- In a duet, isolated mistakes and buzzes don't tend to get lost in a rich and full sound....
I hope you'll see that there are a lot of advantages, especially with beginner and intermediate players, in playing Ensembles as opposed to duets. Mind you, all of the points above are actually beneficial if we're talking about pupil/teacher duets, where they can aid learning and develop a keen ear in the pupil.
The main problem with an Ensemble of any size is one of commitment.
- It is no good planning a practice a week in advance, only to find that Bill's wife has invited her Mother to stay, and how dare he go out for the evening.....
- And it's no good sitting with an empty music stand and an empty chair, wondering why no-one can hear the tune....
There is a related point here, and it's both very simple and very important. If you form a quartet, it's most unlikely that any music you'll buy will make sense if one player fails to make the practice. And if you form a trio, you can't just change it to a quartet without re-equipping yourselves with music And the music will be the greatest expense in getting an Ensemble off the ground.
I suppose you could argue that 12 is a good number for an Ensemble, because you can play trios, quartets and sextets, but joking aside, the size of a group dictates a lot about what happens to that group in its formative first months.
It's no good turning up to your first practice with no music!
So it means that you've got to try to purchase something in advance...
"Just pick a piece you like in the right number of parts.
That's all, isn't it?"
Oh dear, no!
Much Ensemble music doesn't look too difficult, and there is a temptation to choose something taxing, which has the promise of delivering something truly remarkable. In all probability it will. It will deliver a truly remarkable pig's ear and no amount of fancy fingerwork will turn it into anything other than a well-fingered pig's ear.
That's the point at which everyone assumes everyone else is at fault, and everyone decides that solo Guitar has a lot going for it after all.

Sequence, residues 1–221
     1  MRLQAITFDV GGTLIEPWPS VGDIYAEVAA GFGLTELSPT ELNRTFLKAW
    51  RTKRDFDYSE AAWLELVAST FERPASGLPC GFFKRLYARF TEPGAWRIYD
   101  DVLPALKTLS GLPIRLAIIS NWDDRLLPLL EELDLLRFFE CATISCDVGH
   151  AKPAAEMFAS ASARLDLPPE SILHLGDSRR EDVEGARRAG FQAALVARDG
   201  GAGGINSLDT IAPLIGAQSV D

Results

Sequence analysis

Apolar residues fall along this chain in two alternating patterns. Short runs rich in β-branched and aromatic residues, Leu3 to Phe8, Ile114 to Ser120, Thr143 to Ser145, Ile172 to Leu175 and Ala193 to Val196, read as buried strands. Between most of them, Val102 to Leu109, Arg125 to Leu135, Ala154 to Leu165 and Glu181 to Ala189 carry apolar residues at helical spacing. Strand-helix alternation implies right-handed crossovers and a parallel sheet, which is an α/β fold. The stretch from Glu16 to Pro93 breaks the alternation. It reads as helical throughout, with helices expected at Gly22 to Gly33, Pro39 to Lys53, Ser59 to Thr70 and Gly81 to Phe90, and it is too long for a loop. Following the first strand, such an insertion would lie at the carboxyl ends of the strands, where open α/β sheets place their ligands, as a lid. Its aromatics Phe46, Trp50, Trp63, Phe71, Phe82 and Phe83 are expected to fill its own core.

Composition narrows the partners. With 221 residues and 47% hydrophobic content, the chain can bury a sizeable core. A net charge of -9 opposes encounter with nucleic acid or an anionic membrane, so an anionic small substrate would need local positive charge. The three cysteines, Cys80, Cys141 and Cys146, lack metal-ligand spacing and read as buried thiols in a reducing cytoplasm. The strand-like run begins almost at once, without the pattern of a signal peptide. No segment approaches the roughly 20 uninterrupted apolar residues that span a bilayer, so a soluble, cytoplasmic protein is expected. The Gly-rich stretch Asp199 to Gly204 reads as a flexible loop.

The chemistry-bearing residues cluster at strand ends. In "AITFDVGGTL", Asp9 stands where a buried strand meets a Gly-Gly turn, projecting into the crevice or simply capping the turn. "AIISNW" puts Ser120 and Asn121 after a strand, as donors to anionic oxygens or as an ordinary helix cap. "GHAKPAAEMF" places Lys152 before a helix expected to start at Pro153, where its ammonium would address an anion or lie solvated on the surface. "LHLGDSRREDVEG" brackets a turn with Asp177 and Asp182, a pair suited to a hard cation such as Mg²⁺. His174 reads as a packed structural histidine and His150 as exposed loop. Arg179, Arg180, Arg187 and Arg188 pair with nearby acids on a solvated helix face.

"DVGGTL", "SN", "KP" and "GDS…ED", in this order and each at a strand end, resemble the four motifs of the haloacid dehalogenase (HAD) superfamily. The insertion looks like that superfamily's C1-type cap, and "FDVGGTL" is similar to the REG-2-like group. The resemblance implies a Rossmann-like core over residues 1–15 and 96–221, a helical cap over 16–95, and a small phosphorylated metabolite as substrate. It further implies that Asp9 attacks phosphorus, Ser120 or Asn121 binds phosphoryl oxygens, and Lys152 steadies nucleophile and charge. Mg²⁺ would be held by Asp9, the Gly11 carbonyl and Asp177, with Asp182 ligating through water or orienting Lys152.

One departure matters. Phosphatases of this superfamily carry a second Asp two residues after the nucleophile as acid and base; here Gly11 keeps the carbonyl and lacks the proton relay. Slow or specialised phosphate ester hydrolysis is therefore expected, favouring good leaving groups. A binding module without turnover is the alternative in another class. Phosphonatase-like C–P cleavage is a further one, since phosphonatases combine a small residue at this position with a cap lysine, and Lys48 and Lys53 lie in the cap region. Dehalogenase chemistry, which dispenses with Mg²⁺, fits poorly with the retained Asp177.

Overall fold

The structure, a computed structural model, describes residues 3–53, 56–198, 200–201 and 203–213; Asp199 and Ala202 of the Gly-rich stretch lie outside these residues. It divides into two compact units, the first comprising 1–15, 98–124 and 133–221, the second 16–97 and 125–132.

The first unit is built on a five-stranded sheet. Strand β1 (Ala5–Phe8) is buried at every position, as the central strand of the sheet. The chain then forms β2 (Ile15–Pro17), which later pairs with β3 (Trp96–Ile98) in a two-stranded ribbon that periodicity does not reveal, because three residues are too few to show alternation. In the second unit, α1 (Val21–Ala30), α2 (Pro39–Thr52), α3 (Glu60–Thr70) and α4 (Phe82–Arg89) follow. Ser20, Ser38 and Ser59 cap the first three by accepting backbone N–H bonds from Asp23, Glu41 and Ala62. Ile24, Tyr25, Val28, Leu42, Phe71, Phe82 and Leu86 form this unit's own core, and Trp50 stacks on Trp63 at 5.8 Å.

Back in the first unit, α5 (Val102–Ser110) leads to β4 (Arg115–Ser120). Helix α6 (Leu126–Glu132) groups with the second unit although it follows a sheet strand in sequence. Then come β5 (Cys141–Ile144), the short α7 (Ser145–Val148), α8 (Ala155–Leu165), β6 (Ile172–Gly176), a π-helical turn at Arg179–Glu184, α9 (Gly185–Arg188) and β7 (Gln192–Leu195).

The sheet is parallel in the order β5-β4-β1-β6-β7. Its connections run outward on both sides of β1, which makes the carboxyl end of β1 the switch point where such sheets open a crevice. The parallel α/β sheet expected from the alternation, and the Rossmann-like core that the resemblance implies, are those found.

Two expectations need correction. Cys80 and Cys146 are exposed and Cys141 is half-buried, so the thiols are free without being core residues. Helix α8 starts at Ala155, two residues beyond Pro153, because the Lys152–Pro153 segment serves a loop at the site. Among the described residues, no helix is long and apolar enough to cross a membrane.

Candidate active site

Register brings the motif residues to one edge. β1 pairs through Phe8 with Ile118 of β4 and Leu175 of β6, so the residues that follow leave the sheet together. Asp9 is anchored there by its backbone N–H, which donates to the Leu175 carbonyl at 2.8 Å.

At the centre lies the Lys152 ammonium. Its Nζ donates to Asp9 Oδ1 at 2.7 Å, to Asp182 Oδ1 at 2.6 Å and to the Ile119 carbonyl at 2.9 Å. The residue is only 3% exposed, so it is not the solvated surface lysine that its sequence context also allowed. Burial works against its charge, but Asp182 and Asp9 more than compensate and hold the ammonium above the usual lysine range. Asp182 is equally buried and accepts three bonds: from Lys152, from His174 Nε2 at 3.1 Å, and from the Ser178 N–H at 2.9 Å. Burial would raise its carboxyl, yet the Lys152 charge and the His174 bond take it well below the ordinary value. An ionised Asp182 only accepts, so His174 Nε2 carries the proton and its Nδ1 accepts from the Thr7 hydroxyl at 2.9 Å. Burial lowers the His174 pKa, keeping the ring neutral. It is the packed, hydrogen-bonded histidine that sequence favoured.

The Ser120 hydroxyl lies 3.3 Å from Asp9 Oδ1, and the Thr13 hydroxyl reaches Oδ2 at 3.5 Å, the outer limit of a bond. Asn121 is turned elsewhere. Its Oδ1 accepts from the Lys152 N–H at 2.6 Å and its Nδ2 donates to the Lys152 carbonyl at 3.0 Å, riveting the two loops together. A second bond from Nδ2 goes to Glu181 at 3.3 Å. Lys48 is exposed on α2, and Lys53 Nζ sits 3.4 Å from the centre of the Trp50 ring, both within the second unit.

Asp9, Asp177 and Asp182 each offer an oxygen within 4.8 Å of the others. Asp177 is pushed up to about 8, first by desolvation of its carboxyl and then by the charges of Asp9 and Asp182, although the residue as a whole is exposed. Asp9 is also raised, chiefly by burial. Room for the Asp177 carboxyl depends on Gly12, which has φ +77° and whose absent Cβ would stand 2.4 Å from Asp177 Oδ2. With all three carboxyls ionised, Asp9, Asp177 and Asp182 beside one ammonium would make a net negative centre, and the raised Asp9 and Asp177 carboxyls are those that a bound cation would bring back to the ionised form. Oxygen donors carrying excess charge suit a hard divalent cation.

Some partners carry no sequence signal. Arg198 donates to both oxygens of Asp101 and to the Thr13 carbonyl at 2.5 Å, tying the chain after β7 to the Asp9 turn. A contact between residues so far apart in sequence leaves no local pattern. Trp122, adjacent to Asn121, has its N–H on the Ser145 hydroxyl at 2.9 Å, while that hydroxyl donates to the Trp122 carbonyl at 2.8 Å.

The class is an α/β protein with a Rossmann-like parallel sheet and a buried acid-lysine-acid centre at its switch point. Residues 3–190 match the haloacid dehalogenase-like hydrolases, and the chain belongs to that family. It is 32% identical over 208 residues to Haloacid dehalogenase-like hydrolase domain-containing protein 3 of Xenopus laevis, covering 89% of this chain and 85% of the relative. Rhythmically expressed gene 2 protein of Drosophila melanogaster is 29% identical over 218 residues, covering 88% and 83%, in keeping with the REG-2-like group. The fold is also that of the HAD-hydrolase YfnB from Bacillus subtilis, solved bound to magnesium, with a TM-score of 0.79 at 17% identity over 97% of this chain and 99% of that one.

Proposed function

Why does this happen? It's quite simple. Firstly, everyone's playing has shape and structure to each phrase. And everyone trying a piece which is new to them will have hesitations and, shall we say, unusual chords. Concentrating on ploughing through a new piece will invariably tie up not only your fingers and eyes, but also your brain, which is trying to control all your peripheral bits and is fairly busy with it, thank you very much.
Put simply, when you are playing a new piece, your brain is flat out. And it's too busy to listen. Far too busy.
Did you realise that you can play an entire piece of music and be so busy with reading and fingering that you don't actually hear it? Maybe not, but it happens, especially if the piece is near to your limit of ability. But stick three or four players together on a hard ensemble, and each will slow down where their part is tricky, (which is invariably where someone else's part is ridiculously easy!) and the whole lot comes apart at the seams because no-one is listening. Indeed, with only your own music in front of you, it's hard to work out what you might be trying to listen to anyway.
So let's take a different view. If you play in a quartet, you are going to get four times the complexity out of the blended sound than the effort you each put in. And so a simple part doesn't, in general, mean you get a simple sound. With skilful writing, the sound which comes out can be both full and intricate for very little effort.
- Pick a piece which looks to be rather too easy for you.
- If I'm wrong, you'll sail through it and wish you'd something more of a challenge.
- If I'm right, you'll have a piece which is just right for
In either case, you'll spend the evening playing music together.
- If you choose a piece that's too hard, you'll spend the evening
holding post mortems and feeling very down.
And the easier music is often less expensive to buy too. How's that for a compelling secondary argument?
Many publishers can sell you a book of Ensembles (generally, the thicker the book, the better the value!), and the more conscientious publishers will grade the pieces in difficulty. Do look at my Links page to follow the links to such a publisher - Corda - where you'll find over 160 graded Guitar Editions, most containing a number of pieces. How's that for choice?
There is no such thing as a definitive starter pack - what your Ensemble plays is going to depend on your individual abilities, (and whether they are the same as each other), on your collective average ability, and on what mix of private (solo) practice to Ensemble practice you intend to do.